We have now entered 2016, and people often take care of things that they have been procrastinating about when they experience a sense of renewal as the calendar turns over. This is a spirit that you may want to extend to the process of estate planning.
When you examine the statistics that are compiled regarding the estate planning preparedness of American adults, the results are somewhat mind-boggling when you consider the stakes that are involved. According to an article that is published on Forbes.com, 51 percent of American adults who are between the ages of 55 and 64 have never created last wills. Just 38 percent of people who are between 45 and 54 have drafted last wills.
All in all, 64 percent of American adults are going through life without last wills according to the article.
If you never plan your estate, you will die intestate. After your passing the probate court would step in, and the court would name a personal representative to act as the estate administrator. Final debts would be paid out of the assets that comprise the estate, and if there is anything left, it would be distributed using intestate succession laws.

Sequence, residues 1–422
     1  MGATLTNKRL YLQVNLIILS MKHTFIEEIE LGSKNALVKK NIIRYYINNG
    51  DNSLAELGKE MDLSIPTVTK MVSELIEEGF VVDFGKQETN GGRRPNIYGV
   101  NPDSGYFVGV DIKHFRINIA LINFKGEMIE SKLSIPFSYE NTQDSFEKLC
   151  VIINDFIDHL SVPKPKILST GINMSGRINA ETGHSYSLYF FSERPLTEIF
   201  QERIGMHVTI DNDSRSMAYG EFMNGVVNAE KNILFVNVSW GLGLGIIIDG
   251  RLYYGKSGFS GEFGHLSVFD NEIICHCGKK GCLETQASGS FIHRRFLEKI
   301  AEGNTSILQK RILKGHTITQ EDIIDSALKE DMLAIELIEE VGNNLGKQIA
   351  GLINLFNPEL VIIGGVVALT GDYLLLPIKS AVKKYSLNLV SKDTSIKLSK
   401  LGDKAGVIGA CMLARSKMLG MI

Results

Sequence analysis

When you look into the facts, you will see that it is very possible if not likely that your own true wishes would not be carried out if your assets were to be distributed under intestate succession laws. Ultimately, people that you would have left inheritances to if you created a will could be disinherited.
If you are going through life without an estate plan, you are doing your loved ones a disservice. There are many different ways to facilitate asset transfers, and the best choices will depend upon the circumstances.
The Connecticut state estate tax can be a factor for people who are in possession of resources that exceed $2 million in value, and there are also those who face federal estate tax exposure. This tax can be applied on transfers that exceed $5.45 million.
It is possible to implement tax efficiency strategies, but a great deal can be lost if you do nothing to reduce your estate tax exposure.
There are advanced techniques that can be implemented to provide for people with special needs without impacting government benefits. If you are concerned about the money management capabilities of a loved one, you could include spendthrift protections when you plan your estate.
Asset protection can be part of the plan if you are concerned about legal actions, and you can also protect assets from devastating nursing home costs if you plan your estate properly. Medicare does not pay for long-term care, and most seniors will need it eventually.
When you plan your estate, you engage in a final act of giving to the people that you love the most. This is an important and profound endeavor, and it should be taken seriously.
Our firm can help if you are ready to put the procrastination behind you in 2016. Send us a quick message through this page if you would like to set up a free consultation: Hartford CT Estate Planning Attorneys.